The British Library, the Bibliothèque nationale de France and The Polonsky Foundation have teamed up to create two websites that will provide digital access to 800 medieval manuscripts. The websites will be launched next month.
It is part of ‘The Polonsky Foundation England and France Project,’ which began in 2016. The British Library and the Bibliothèque nationale de France are providing 400 manuscripts each from their collections, which were selected for their importance in relation to the history of French-English relationships in the Middle Ages. Produced between the 8th and the late 12th centuries, they cover a broad spectrum representing intellectual output during the early Middle Ages and the Romanesque era. Among them are a number of precious, lavishly illuminated examples, such as the Winchester Benedictional from around the year 1000, the Chartres Bible circa 1140 and the Canterbury Psalter made at the end of twelfth-century.
Laurence Engel, President of the Bibliothèque nationale de France, commented that “Two outstanding medieval collections have been brought together through this ambitious project funded by The Polonsky Foundation, the fruit of a commitment shared by the Bibliothèque nationale de France and the British Library to harness our scientific and technological expertise in placing invaluable treasures within everyone’s reach. This is an example of common heritage that we are sharing together.”
“We are delighted to be working with our colleagues at the Bibliothèque nationale de France on this hugely exciting collaboration,” added Roly Keating, Chief Executive of the British Library. “It will bring together manuscript treasures from a time when the cultural, political and religious interchange between Britain and France was unfolding at many levels. The illuminated manuscripts that our respective institutions hold are remarkable survivals from that period.”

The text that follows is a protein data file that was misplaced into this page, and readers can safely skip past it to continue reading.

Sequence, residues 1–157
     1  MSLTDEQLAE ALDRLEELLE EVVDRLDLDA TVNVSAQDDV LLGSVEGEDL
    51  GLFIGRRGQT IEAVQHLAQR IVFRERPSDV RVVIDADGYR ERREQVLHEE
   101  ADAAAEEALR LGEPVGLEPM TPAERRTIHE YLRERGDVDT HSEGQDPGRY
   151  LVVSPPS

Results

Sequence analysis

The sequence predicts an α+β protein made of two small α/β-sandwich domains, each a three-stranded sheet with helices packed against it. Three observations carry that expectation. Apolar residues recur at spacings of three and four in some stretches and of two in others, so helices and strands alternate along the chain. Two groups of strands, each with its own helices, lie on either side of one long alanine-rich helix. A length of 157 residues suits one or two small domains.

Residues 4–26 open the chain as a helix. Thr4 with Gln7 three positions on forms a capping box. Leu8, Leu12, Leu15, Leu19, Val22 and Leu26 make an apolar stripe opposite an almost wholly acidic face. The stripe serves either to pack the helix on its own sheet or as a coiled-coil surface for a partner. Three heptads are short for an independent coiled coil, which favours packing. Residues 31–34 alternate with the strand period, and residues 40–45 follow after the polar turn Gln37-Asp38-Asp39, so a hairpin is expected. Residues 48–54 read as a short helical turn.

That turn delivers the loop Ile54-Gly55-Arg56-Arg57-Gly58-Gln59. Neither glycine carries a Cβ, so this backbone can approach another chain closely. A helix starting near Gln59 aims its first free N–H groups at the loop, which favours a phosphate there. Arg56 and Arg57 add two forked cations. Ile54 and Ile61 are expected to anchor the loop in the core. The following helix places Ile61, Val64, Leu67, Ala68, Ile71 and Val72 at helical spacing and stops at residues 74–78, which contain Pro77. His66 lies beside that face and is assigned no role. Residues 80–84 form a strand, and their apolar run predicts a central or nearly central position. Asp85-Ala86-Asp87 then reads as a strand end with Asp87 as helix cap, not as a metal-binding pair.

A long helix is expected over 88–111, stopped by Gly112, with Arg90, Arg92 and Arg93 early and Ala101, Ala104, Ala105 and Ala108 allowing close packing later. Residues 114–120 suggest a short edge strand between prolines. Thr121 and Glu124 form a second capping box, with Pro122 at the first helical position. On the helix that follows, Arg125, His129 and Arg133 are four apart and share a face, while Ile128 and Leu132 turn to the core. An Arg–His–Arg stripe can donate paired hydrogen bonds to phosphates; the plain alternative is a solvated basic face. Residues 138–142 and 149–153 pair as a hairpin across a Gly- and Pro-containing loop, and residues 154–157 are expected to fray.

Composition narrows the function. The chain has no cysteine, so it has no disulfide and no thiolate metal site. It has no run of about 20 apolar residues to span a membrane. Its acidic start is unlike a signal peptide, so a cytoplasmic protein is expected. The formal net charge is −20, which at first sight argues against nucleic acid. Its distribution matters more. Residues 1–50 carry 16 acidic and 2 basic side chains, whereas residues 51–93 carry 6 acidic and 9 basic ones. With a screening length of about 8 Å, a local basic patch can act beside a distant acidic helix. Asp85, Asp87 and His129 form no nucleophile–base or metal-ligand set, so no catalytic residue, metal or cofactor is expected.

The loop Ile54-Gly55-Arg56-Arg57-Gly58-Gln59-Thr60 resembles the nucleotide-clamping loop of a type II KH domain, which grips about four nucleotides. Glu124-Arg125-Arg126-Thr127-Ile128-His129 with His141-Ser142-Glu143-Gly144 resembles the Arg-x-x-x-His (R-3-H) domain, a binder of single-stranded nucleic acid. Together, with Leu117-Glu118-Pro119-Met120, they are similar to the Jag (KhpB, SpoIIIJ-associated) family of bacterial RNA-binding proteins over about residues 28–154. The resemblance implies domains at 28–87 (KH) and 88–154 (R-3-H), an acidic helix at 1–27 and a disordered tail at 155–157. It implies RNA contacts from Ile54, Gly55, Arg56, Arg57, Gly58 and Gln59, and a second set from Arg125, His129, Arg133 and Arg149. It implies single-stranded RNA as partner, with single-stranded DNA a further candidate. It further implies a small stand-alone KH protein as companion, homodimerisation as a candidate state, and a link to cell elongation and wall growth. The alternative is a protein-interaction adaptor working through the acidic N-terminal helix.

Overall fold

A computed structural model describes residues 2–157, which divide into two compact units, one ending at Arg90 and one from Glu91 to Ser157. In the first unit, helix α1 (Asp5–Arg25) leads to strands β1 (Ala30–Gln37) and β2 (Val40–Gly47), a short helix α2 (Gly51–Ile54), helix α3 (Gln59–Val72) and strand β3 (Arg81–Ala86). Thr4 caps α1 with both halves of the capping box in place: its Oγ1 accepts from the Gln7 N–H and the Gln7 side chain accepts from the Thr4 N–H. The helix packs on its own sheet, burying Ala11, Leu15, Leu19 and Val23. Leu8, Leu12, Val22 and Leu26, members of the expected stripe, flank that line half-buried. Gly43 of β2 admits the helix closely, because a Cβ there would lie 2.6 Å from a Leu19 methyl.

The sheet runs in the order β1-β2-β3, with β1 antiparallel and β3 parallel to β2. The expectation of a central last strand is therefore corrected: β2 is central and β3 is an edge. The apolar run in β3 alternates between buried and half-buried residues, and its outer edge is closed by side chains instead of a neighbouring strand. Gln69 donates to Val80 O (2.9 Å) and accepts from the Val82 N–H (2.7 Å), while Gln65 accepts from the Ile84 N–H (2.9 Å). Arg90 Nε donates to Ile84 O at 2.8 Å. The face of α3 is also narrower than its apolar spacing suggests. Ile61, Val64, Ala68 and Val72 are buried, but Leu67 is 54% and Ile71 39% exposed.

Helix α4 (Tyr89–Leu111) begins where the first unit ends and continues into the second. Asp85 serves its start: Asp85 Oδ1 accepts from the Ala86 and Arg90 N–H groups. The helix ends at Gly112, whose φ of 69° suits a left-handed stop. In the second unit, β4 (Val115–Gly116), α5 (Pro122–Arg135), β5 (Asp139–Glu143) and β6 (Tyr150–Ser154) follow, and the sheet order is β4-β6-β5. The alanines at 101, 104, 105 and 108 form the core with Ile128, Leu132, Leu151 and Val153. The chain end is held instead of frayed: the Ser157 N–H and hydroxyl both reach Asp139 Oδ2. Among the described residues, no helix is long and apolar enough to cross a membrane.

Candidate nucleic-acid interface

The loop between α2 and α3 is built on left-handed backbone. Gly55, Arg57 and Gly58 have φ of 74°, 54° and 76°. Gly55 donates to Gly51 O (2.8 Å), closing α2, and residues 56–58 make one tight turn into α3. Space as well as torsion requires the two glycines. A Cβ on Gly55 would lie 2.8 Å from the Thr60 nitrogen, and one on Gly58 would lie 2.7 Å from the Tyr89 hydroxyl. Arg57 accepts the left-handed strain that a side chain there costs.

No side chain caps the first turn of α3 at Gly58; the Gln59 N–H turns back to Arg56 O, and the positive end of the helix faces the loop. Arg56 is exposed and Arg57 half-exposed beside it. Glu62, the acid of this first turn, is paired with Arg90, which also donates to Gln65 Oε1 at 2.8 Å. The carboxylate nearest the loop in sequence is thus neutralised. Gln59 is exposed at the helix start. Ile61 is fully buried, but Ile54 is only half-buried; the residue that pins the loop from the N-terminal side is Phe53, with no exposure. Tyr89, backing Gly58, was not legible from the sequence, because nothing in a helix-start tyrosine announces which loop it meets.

Some of these manuscripts will be featured at upcoming ‘Anglo-Saxon Kingdoms : Art, Word, War’ exhibition that begins later this month at the British Library. A book is also being published simultaneously by both libraries to showcase a selection of the illuminated manuscripts – Medieval illumination, Manuscript Art in England and France 700-1200, by Kathleen Doyle and Charlotte Denoël.
The two websites will work in a complimentary fashion. The first, France-England: medieval manuscripts between 700 and 1200, has been created by the Bibliothèque nationale de France based on the Gallica marque blanche infrastructure, using the IIIF standard and Mirador viewer to make the images held by the different institutions interoperable and enable them to be compared side-by-side within the same digital library or annotated. The second website, Medieval England and France, 700-1200, is aimed at a wider public audience, and has been developed by the British Library to showcase a selection of manuscripts as well as articles, essays and video clips.
Dr Leonard S. Polonsky and Marc Polonsky of The Polonsky Foundation said in a statement: “This project brings together riches of the Bibliothèque nationale de France and the British Library, and makes them available to researchers and the wider public in innovative and attractive ways. Our Foundation is privileged to support this collaboration, which continues the cultural exchange and profound mutual influence that characterise the history of these two nations over many centuries.”
Look for these two sites to begin in November:
Top Image: The ‘Eadui Psalter’, 1st half of 11th century. British Library, Arundel MS 155, f. 133r : monks presenting a copy of the Rule of St Benedict to enthroned St Benedict.